It has been quite a while since you’ve heard from us on our blog. For the past few months, we have been working behind the scenes on our next big thing. We are going to cross Greenland without resupplies and using only human power, following the original Nansen route in 2020. You can find all the details of that expedition at nansen2020.org. Now where our Hardangervidda trip was basically just Lauren and me flying to Norway to ski for a bit, this one is going to be a proper big expedition. We are putting a team together, working with various research partners, and raising money for charity with the trip. In other words, this is going to be a lot more organising work than our Norway expedition. But how do you get something like this off the ground?
Staying warm is one of the most important things to look for when you’re out in the snow and ice. Your extremities are generally most at risk of suffering cold injuries since they are farthest away from the warm core of your body. Additionally, your hands and fingers are exposed to wind and weather almost always, which is why great gloves are one of the smartest investments you can make when planning to be out in the cold for a prolonged time. Today, I am reviewing several gloves provided to us by our partner, The Heat Company. Note that they offered some of them to us for free, but I will give my honest opinion regardless. When on an expedition, your kit is your life insurance, and I would never settle for anything I consider sub-par.
The Arctic ocean is, and always has been, one of the most challenging terrains for expeditions. The drifting sea ice creates a labyrinth of open water, frozen leads, and pressure ridges, where the straight line is rarely the fastest way ahead. With the fading ice, modern explorers have to use dry suits to swim across open leads, dragging their floating sledges behind them. On thin ice, one wrong step can mean almost death, plunging an explorer into the freezing water. If that’s not enough, polar bears are roaming the ice cap, ready to hunt any prey, including humans.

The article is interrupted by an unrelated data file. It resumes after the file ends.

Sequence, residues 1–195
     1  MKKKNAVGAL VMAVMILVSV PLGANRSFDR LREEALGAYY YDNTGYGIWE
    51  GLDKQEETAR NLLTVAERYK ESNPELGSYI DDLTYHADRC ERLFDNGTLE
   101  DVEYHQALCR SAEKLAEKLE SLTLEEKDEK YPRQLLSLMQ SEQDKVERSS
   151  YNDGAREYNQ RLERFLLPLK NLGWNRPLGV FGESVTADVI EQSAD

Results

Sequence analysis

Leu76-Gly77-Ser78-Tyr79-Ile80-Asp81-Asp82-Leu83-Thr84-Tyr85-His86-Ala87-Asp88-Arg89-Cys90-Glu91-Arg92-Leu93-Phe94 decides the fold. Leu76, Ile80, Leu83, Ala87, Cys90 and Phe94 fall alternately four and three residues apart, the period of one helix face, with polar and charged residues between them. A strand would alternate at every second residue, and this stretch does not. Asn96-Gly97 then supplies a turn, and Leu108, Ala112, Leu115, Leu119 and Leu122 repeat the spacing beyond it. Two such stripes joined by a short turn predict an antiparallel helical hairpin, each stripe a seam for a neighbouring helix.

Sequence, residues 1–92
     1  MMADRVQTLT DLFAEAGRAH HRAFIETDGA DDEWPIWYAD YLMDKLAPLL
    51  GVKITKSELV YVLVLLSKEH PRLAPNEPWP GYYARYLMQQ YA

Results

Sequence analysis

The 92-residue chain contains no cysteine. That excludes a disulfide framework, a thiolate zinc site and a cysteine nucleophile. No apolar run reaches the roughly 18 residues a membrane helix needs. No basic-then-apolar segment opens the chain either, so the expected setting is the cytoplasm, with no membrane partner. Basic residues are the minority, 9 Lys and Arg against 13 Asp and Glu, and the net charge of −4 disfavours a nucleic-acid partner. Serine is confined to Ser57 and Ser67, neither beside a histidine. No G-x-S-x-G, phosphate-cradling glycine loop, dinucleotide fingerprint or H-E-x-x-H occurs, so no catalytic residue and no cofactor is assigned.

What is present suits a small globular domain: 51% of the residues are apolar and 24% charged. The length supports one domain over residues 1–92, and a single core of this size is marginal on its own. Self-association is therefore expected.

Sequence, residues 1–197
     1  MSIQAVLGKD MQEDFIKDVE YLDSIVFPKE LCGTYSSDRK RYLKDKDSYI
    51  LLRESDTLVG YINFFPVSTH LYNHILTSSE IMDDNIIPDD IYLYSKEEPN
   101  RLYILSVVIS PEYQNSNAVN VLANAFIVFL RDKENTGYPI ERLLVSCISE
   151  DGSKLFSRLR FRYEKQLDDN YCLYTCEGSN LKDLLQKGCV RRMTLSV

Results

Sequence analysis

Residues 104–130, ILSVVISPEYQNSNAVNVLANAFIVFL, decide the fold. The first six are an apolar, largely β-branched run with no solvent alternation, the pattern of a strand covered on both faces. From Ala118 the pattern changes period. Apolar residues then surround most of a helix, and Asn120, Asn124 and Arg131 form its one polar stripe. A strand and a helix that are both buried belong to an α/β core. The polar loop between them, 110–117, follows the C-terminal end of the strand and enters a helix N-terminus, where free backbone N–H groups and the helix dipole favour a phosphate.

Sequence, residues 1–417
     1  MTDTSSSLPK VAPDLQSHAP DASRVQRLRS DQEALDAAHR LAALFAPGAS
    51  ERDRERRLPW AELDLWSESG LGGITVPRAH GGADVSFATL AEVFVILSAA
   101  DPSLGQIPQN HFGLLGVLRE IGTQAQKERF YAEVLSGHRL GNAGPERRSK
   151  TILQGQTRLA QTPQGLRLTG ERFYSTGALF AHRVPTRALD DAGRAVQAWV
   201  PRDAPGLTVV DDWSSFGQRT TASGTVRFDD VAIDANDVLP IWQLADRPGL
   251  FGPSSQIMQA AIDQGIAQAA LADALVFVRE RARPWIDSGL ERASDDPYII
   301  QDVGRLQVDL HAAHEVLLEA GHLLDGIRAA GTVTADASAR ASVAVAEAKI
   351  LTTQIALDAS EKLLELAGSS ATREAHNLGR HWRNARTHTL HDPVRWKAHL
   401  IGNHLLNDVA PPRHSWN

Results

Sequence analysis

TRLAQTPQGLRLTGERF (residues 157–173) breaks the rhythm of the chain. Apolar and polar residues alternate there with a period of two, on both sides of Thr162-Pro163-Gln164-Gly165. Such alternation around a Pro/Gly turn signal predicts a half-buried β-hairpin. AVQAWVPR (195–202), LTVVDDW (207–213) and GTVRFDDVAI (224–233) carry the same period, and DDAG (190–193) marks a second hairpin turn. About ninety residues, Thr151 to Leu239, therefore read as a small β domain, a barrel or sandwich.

When I first learned about Fridtjof Nansen, it was because of his groundbreaking achievements in Polar exploration. He was the first to achieve an overland traverse of Greenland and set a record for farthest North during his Fram expedition. His unique approach to expeditions and inventive talents would serve as an example for other great explorers, such as Amundsen, Scott, Shackleton, and Peary. Apart from his Polar achievements, Nansen was also a dedicated Scientist and became a respected diplomat and humanitarian later in his life. His achievements in both these fields are just as remarkable as his Polar exploits and well deserving of a blog post on their own.
In honour of International Women’s Day, and International Book Day, I thought I’d pull together a short list of the “adventure” books which have moved and inspired me the most over the last couple of years.
Back in January, the lovely people at Intrepid Magazine selected me to be one of their gear testers and sent me a Black Diamond First Light Hoody. The idea was that I’d take it with me to Norway and put it through its paces in the airport, the city and the snow. You can read my detailed review in issue 8, but the short version is, I loved it!
The best thing after a long day of skiing is getting out of your skiing boots and into warm and dry wool socks. Unfortunately, throughout the evening and night, you will have to get out of your sleeping bag and back into the snow at times: to go to the loo, to check the tent, to get something from your pulk, or whatever reason. Enter the Expedition Down Booties.
This will be the last gear highlight for our Hardangervidda crossing. Navigating the unknown terrain safely and limiting risks as far as possible is a priority for us. Much like Amundsen, we want to plan the adventure out of our expedition. Here’s what we are bringing for navigation, personal safety, risk mitigation and some other tools and gadgets.
Polar exploration isn’t all about skiing for hours on end. We will spend the majority of our time inside or around our tent. Getting our camp routine and equipment right is just as important as being a capable skier. This gear highlight is going to be a big one. We are going to go over the majority of kit we need when we’re not on the move: the tent and tent equipment, sleeping gear, cooking equipment and food and drink.
Taking on extreme challenges like Greenland or Antarctica doesn’t only require extensive planning and physical training, it also involves a lot of kit and money. Partnerships with and sponsorships from companies or organisations can go a long way in helping to overcome the logistical challenges and can make the difference between a dream expedition happening or remaining just a dream. We are already peeking past our upcoming Hardangervidda traverse, and are eyeing Greenland for 2020 and Antarctica later. To keep our adventure going, we are looking to build lasting mutually beneficial relationships with organisations sharing our beliefs and values and manufacturers whose products we trust to be the very best for our expeditions. Today, we are excited to announce our partnership with The Heat Company.